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Electric scooters, hoverboards, electric skateboards – what’s legal?

Electric scooters, hoverboards, electric skateboards – what’s legal?

While we know transport laws are aimed at cars, bikes and pedestrians, where do we stand with all the alternative modes that are now available? While innovative companies seek to solve the problem of urban mobility and inner-city air pollution, consumers are left confused.

This category of electric vehicles is described as PLEV (Personal Light Electric Vehicle). Why does it even exist?

Some may see them as an extravagant toy, but the PLEV category offers a viable mode of personal and environmentally friendly transport for those who don’t want to use a bicycle. This can be perhaps because of physical reasons, safety concerns due to lack of cycling infrastructure, or simply if someone wants to try something a little different and who recognises that commuting by car can be avoided.

What is a PLEV?

A Personal Light Electric Vehicle or ‘Powered Transporter’ is typically a personal land vehicle with wheels, that is powered by an electric motor. Typically weighing less than 100kg, low powered and not subject to taxes or registration, and for personal use, often ‘last-mile’ solutions, such as our electric powered scooter, SwiftyONE-e.

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SwiftyONE-e foldable electric scooter

PLEVs in the UK

The transport laws in the UK are very outdated, and there have been years of call for updated legislation as these modes are not under legislation. Currently, PLEVs are illegal on public roads, cycle lanes or pavements, as they are motorised (rendering them illegal on cycle lanes and pavements) and low powered (rendering them illegal on roads). PLEVs are restricted to private land only with the land owners permission. For more info click: Dept for Transport publication on Powered Transporters.

I have been in recent contact with the DfT regarding the pavement legislation and they confirmed to me the following:

I note your suggestion that vehicles such as electric scooters should be allowed on pavements in England, as in other countries in Europe. However, the Highways Act of 1835 prohibits the riding of any ‘carriage’ on the footway and this includes personal transporters. There are no current plans to amend this legislation.” Department for Transport Nov. 2017

and about cycle lanes:

A cycle lane is defined in Schedule 1 of the Traffic Signs Regulations and General Directions 2016 (TSRGD) as ‘part of a carriageway of a road reserved for pedal cycles which is separated from the rest of the carriageway’ …I can confirm that the Department has no current plans to amend this legislation to permit other types of vehicles to use the lane.” Department for Transport Nov. 2017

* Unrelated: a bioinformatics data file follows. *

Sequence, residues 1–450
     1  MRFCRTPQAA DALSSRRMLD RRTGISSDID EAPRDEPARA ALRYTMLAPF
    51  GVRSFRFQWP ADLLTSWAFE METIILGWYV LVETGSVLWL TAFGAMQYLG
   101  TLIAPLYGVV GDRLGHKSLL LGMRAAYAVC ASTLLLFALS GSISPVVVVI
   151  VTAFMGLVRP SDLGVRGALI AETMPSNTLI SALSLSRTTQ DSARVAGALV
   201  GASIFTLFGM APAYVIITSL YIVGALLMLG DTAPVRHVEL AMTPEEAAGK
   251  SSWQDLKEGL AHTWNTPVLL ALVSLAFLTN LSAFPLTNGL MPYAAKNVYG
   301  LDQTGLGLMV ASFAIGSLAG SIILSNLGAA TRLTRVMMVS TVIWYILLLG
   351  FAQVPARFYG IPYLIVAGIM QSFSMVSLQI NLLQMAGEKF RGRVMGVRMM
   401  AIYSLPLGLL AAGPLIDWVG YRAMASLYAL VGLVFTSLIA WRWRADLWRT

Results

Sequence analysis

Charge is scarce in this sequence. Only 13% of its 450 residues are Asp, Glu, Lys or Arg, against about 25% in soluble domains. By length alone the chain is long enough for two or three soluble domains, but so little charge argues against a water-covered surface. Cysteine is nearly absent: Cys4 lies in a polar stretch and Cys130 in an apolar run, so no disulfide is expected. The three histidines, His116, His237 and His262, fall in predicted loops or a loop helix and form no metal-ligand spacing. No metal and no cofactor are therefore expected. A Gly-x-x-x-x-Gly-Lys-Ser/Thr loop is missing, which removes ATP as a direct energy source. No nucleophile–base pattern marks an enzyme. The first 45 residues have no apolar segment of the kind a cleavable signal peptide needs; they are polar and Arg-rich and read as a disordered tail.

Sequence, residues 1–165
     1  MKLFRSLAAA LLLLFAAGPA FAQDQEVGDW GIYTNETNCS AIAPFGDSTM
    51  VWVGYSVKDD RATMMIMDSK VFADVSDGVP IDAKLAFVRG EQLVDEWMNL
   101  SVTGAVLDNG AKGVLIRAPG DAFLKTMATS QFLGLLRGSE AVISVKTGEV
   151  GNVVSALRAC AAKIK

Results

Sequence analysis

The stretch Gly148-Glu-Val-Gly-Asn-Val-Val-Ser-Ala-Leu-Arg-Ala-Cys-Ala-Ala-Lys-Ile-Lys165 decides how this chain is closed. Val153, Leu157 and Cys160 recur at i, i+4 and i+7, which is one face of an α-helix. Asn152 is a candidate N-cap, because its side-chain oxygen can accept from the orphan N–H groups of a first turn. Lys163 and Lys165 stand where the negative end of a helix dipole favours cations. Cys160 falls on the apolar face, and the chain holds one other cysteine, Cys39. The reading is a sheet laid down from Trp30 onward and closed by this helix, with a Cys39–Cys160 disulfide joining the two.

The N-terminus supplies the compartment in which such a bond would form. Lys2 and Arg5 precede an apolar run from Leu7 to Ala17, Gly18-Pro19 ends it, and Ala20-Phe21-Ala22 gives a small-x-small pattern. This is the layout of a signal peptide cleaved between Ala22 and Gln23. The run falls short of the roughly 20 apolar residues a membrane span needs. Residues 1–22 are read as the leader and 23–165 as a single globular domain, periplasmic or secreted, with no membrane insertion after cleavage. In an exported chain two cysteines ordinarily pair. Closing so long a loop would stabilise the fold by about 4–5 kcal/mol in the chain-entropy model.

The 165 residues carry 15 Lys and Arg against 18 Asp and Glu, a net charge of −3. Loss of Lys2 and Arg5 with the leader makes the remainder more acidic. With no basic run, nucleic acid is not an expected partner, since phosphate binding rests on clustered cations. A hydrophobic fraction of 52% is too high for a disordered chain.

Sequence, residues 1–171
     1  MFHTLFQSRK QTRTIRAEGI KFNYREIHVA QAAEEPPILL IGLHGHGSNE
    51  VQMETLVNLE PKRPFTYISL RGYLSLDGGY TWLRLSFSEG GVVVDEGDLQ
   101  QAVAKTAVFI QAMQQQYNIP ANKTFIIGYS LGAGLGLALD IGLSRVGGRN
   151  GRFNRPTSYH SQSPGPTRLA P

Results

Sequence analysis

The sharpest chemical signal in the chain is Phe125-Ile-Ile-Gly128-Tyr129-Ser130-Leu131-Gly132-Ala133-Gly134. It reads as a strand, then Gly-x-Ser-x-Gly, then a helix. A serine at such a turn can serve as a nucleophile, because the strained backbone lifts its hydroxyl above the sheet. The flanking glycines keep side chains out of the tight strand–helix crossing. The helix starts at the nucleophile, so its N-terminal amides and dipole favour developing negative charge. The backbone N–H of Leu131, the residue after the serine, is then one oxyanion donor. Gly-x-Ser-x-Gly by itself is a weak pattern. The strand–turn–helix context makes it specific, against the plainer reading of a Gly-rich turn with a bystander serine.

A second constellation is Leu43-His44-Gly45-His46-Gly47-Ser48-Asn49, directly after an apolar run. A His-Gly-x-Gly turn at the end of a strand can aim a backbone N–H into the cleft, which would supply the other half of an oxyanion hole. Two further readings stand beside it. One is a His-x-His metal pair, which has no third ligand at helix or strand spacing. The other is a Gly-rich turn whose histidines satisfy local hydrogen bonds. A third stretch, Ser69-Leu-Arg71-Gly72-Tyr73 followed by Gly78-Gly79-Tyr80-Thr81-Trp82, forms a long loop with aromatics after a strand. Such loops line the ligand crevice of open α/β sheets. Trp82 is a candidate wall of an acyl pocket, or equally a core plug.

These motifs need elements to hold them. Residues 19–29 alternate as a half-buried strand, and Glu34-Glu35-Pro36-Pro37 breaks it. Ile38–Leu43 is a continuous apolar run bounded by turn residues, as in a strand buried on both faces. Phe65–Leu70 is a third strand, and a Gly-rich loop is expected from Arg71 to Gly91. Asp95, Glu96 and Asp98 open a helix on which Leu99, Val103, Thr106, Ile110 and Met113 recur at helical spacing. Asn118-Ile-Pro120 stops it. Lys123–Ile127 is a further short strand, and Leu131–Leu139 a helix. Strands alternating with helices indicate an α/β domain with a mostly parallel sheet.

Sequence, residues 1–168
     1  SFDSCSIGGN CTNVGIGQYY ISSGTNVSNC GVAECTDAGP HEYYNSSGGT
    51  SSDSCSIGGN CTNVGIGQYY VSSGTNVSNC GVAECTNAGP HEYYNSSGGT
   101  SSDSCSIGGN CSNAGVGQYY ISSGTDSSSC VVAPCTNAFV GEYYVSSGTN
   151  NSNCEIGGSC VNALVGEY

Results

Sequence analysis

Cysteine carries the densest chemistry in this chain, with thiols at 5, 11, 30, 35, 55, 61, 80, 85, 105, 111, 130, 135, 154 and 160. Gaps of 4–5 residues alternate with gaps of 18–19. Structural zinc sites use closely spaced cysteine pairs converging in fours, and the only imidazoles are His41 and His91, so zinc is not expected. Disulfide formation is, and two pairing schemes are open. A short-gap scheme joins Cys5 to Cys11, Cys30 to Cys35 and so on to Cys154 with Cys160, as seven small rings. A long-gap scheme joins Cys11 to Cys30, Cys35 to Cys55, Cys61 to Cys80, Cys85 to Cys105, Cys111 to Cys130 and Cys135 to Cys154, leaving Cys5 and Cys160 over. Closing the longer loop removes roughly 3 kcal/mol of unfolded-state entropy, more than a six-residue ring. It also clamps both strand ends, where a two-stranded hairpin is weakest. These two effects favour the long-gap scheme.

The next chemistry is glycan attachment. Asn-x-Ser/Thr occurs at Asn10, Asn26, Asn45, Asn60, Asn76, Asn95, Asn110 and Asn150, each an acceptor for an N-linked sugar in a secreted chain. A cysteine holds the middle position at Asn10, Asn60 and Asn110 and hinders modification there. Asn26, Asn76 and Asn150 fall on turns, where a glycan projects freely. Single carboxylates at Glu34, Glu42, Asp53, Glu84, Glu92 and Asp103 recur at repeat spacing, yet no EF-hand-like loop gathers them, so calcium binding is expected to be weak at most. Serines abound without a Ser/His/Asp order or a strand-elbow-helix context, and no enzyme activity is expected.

Read more about clean air in cities and the highway act of 1835 in our journal:

PLEVs in Europe

There is currently a lot of change in this sector in Europe. Paris is embracing these 0 emission modes as part of their quest for a greener city by 2020, as stated in the Paris Agreement. Paris is leading the initiative under Mayor Anne Hidalgo. Hidalgo has called personal car ownership “archaic” and expresses the urgency for change: “unparalleled challenges like air pollution require unprecedented action”.

France: E-scooters are legal up to 25kph on roads, riding on pavements is forbidden and punishable with €135 fine. [November 2019]

Germany: E-scooters are legal on cycle paths up to 20kph. Ride age 14 yrs and over. No insurance or helmet requirements. [May 2019]

Austria and Switzerland: E-scooters are legal to 25kph in cycle lanes and roads.

However, during the tradeshow Eurobike 2017, German automotive companies BMW and MINI both presented an electrically powered kick-scooter to the market. With such large companies entering the PLEV market, the legislation looks likely to see a change in the near future.

Read more about kick scooters and the legalities in the journal:

PLEVs in California

California embraced the sector in 2015, and Californians enjoy PLEV use up to 20 mph on cycle lanes, pavements and roads (40mph category roads). Riders must be over 16 and wear a helmet. More recently, e-scooters have been banned from the sidewalks in some cities.

PLEVs in New York City

Motorised scooters, hoverboards, Segways or skateboards used to be allowed but limited to 15mph as written in legislation in 2004. However, in 2013 legislation was amended to ban all motorized scooters in NYC.  (NYC v. Onix Guzman, ECB Appeal No. 1501125 (Dec. 17, 2015). The ruling also includes kick-assist scooters such as Flykly (NYC v. Niko Klansek, ECB Appeal No. 1200238 (May 31, 2012). Lawbreakers are subject to a $500 fine. More info here

PLEVs are different to eBikes due to the presence of pedals

eBikes, or Electrically Assisted Pedal Bicycles (EAPCs) are broadly legal on cycle lanes and roads, max 250W top speed 15.5mph rider aged over 14yrs. In the UK and Europe, the motor must adhere to standard EN15194, and the bike to EN14764. but do not require registration, tax or insurance. Find more info here

E-Scooters in Japan
In Japan, e-scooters are treated as motorised bikes, meaning they must have license plates and wing mirrors and require a drivers license to operate. E-scooters should be driven on the road. [updated, June 2019]


It is likely that legislation is likely to change as councils are put under more pressure to meet air quality targets and to reduce traffic congestion.

If you have any updated information about PLEV rulings in your area, please let me know

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